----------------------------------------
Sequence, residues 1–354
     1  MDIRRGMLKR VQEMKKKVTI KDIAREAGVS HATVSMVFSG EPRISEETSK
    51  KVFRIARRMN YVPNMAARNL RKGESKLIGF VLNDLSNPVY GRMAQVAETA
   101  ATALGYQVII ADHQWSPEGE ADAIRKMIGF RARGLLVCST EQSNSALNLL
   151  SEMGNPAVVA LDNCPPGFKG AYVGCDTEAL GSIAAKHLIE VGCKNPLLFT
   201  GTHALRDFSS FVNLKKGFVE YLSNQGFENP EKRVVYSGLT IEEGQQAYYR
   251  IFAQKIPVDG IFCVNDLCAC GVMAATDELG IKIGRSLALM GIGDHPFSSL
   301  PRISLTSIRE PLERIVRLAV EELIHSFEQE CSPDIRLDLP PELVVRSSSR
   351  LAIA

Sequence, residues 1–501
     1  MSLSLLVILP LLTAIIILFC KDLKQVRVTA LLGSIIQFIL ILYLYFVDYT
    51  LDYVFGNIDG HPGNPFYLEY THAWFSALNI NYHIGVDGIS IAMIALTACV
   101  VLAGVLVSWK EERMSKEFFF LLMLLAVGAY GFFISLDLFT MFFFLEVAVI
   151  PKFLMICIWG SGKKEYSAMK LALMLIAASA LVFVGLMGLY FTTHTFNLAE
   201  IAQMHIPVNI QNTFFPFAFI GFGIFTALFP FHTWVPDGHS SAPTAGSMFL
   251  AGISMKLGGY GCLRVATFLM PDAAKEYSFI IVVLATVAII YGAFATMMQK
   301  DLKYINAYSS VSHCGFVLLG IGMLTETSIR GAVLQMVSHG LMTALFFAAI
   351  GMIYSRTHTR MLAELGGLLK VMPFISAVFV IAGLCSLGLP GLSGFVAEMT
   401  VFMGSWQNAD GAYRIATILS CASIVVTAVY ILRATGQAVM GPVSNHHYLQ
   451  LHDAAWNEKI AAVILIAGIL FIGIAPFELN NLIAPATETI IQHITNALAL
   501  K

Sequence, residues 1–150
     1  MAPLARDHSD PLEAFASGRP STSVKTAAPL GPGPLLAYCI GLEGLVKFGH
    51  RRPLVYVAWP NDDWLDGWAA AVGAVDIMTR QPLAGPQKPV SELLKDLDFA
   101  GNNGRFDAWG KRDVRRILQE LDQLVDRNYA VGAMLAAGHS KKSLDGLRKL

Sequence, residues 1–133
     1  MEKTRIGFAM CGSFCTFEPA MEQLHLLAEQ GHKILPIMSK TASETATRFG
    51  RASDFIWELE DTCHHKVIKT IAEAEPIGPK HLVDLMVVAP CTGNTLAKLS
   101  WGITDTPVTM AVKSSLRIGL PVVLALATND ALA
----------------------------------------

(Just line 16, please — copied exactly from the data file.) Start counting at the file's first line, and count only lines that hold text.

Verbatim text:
   251  AGISMKLGGY GCLRVATFLM PDAAKEYSFI IVVLATVAII YGAFATMMQK